Iowa Democrat asks House to review race she lost by 6 votes
A Democratic House candidate who lost her Iowa race by six votes filed a notice of contest Tuesday, arguing 22 votes were improperly excluded during a recount that could have changed the results of the race.
Rita Hart, a former state senator, argued in the notice that including those ballots would have given her another 15 votes and enabled her to defeat Rep.-elect Mariannette Miller-Meeks (R).
In a statement, Hart said the 22 ballots included two curbside votes cast by disabled voters, both of which were for her, as well as five of nine absentee votes in Marion County along with a Johnson County provisional ballot and 10 absentee ballots in Johnson, Scott, Des Moines and Wapello Counties.
“As I have said from the beginning of this entire process, nothing is more important than ensuring every Iowan has their vote counted,” Hart said in a statement.
“Everyone has acknowledged that there are uncounted votes left and after reviewing those ballots and making sure they are counted, it will be clear that I have won this election. It is crucial to me to make sure that this bipartisan review by the U.S. House is fair. Iowans deserve to know that the candidate who earned the most votes is seated. I am that candidate,” she added.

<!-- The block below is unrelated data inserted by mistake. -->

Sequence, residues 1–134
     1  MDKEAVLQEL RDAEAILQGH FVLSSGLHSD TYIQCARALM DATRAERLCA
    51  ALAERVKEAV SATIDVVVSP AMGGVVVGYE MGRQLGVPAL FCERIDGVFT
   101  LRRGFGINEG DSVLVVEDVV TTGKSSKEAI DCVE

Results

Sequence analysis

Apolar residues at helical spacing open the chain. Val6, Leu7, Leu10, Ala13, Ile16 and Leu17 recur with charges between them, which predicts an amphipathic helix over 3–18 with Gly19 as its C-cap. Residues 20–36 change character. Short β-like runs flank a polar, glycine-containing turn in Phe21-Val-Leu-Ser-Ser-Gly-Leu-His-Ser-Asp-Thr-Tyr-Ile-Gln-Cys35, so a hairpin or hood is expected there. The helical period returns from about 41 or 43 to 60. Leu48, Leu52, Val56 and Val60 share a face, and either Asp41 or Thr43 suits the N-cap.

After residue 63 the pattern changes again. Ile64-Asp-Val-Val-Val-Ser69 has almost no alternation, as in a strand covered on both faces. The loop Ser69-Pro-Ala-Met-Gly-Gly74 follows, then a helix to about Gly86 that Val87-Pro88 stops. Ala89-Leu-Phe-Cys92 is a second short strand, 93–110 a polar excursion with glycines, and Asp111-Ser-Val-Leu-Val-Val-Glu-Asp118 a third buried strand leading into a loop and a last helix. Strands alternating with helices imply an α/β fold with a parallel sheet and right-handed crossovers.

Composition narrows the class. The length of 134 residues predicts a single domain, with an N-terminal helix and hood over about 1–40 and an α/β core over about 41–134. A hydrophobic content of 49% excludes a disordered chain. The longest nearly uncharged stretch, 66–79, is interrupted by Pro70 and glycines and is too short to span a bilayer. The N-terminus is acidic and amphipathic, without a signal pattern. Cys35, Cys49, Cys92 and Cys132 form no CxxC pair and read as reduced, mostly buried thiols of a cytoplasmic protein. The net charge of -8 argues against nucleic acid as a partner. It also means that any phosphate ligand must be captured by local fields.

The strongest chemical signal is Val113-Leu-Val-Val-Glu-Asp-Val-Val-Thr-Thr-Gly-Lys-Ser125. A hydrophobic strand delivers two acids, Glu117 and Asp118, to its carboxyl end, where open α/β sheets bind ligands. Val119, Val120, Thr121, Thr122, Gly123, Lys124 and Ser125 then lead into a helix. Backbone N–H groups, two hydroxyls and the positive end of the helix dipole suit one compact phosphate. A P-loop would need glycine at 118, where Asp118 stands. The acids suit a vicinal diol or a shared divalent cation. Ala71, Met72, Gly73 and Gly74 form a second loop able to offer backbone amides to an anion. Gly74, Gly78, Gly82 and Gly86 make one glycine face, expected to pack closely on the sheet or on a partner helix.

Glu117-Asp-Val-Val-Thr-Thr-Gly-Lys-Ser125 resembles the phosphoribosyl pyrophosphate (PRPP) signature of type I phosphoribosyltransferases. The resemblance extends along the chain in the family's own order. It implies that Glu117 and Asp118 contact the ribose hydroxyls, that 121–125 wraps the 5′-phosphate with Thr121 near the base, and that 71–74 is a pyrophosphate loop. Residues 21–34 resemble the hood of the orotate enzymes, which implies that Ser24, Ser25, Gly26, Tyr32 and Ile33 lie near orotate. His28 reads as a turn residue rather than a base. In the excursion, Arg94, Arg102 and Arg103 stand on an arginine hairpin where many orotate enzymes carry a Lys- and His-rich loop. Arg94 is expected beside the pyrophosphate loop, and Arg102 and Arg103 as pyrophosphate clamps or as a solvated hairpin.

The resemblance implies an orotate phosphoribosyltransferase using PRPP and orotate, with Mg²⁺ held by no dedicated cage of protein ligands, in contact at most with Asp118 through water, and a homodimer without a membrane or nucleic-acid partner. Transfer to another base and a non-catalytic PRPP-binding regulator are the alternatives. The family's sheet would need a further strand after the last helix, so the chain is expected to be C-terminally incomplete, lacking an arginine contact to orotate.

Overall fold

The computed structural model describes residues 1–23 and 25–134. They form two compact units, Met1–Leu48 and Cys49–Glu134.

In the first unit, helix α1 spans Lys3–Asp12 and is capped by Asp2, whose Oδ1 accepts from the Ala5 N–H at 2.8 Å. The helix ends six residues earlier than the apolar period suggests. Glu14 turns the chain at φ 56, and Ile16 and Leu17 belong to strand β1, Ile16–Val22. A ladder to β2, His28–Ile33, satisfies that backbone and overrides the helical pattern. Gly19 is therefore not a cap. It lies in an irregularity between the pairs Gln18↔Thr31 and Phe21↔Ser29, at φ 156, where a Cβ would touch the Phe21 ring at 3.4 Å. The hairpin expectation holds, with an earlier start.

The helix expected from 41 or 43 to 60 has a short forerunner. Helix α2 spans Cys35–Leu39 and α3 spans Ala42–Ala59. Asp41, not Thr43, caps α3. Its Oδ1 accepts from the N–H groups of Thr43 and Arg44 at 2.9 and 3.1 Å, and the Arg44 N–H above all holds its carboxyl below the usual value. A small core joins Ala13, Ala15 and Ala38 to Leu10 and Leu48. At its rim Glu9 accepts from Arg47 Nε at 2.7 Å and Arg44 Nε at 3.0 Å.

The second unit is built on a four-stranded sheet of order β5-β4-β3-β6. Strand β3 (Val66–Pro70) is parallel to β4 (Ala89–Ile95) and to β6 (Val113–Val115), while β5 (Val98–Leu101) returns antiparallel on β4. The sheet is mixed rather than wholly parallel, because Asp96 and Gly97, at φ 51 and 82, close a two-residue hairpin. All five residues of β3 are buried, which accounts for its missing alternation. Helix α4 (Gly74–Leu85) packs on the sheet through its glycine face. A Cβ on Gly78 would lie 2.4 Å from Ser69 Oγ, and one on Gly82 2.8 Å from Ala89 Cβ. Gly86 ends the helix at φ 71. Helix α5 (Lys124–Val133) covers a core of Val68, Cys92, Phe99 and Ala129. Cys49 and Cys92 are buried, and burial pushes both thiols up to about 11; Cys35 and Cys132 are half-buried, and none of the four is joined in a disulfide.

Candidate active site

In the filing, Hart called for the House of Representatives to nullify the results certified by the state and conduct a uniform hand recount with the excluded ballots added.
Hart is represented by Marc Elias, a prominent Democratic lawyer who has faced off against the Trump administration in numerous election-related lawsuits.
“Although it is admittedly tempting to close the curtain on the 2020 election cycle, prematurely ending this contest would disenfranchise Iowa voters and award the congressional seat to the candidate who received fewer lawful votes,” Elias wrote in the filing.
Miller-Meeks accused Hart of seeking intervention on her behalf from Speaker Nancy Pelosi (D-Calif.), according to The Associated Press.
“Sen. Hart now wants a process run by one Californian, Nancy Pelosi, and decided in Washington’s hyper-partisan, dysfunctional atmosphere and not according to Iowa law,” she said.
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